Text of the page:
World War I saw America fighting overseas against an industrialized foe for the first time in its most violent conflict since the Civil War. During and after the war, the United States came face-to-face with the unexpected brutality of modern warfare, complex international relations, radicals and communism, and diplomacy. Despite America’s tremendous show of industrial and military strength, the public balked at the possibility of having to remain a “global policeman” and fight faraway foes. While US president Woodrow Wilson sought a post-WWI era of international idealism, rivals wanted to take advantage of America’s surrounding oceans to focus on domestic issues.
Before World War I: From Isolationism to a Growing American Empire
During the American Revolutionary War (1775-1783), the new United States of America was aided by allies France, Spain, and the Netherlands. As historical enemies of Britain, the three other western European powers seized the chance to stick it to King George III. After the war ended, the US was faced with a difficult choice: repay the alliances and remain actively engaged in European affairs, or try to avoid foreign entanglements. In September 1796, first US president George Washington gave his famous Farewell Address and advised the country to avoid political parties and foreign entanglements.
At first, isolationism and focusing on domestic issues were easier due to America’s physical distance from other countries. The Atlantic Ocean separated the US from Europe, and territory to the west and south was largely unsettled. Eight years after the War of 1812 against Britain, US president James Monroe told European powers to back off and stay out of the Western Hemisphere. During the US Civil War (1861-65), France decided to invade Mexico and set up an empire but left in 1867 after the victorious Union – having held the US together as a single country – demanded it go.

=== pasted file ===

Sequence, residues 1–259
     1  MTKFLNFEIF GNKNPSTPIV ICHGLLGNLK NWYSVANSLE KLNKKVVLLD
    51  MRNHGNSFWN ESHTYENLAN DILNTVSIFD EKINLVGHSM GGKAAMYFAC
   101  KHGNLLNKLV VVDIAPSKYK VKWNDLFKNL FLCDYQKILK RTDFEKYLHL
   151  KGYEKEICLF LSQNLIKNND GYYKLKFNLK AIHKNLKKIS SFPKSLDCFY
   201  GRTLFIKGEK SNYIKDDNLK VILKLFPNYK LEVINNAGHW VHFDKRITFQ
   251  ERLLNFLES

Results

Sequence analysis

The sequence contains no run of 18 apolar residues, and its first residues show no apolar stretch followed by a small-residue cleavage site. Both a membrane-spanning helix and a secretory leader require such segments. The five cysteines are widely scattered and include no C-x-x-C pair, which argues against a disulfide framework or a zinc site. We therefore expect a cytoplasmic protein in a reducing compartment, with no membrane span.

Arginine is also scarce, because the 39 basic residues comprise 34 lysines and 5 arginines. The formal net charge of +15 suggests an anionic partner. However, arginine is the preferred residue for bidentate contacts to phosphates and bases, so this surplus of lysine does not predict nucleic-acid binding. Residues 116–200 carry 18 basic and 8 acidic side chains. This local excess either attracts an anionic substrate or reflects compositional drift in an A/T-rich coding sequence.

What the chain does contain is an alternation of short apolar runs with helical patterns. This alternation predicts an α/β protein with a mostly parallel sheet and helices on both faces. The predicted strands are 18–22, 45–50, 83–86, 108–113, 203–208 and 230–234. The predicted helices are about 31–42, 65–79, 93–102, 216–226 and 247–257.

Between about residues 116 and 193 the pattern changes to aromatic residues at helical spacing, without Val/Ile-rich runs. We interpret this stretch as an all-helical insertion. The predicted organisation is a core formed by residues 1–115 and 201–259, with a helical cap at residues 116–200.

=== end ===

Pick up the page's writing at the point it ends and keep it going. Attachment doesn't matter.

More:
By the 1890s, the US was strong enough to extend its power beyond its shores. In 1898, after increasing tensions with Spain over Spain’s remaining colonies in the nearby Caribbean, the US engaged in the Spanish-American War. The brief war, which saw the US attack and dominate in both the Caribbean and the Pacific Ocean, created an American empire by taking Spain’s island colonies for itself (as well as the independent territory of Hawaii, which the US desired for a naval base). Having won a swift war against a once-powerful rival, the United States was now an undeniable world power.
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During the late 1800s, European powers had taken exclusive territories in China to use for trade and economic production. The US opposed “colonization” of China, similar to what had occurred in Africa, but did not argue for increased sovereignty of China. In 1899 and 1900, rebels in China tried to push out foreigners and Chinese people who appeared sympathetic. The United States was one of eight western powers that responded with force, sending in the US Marines during the summer of 1900 to defeat the Boxers who were besieging diplomatic missions. As a result, the US was now an active diplomatic and economic power along with historic powers like Britain, France, and Russia.
Perhaps encouraged by two quick military victories overseas, the US remained active on the diplomatic scene, with US president Theodore Roosevelt negotiating peace between Russia and Japan during the 1904-05 Russo-Japanese War. The Treaty of Portsmouth, signed in the United States, ended hostilities between the two powers. However, such diplomacy was not entirely altruistic: the US wanted to ensure that neither Russia nor Japan could dominate northeastern China, which was important to America’s economic interests.
He Kept Us Out of War: The US Supports Wilson’s Neutrality
When World War I erupted in Europe, the United States did not seek to engage, still practicing isolationism. Although it had more economic trade with Britain and France, and the public sympathized more with the Allies (Britain, France, and Russia), the US remained neutral in the conflict. At the outset of the war, many Americans still identified as ethnic German, and the complex way the war began made it difficult to label any power as the true aggressor. However, public opinion shifted against Germany in 1915 with the sinking of the passenger ship Lusitania by a German submarine, in which 128 US citizens perished.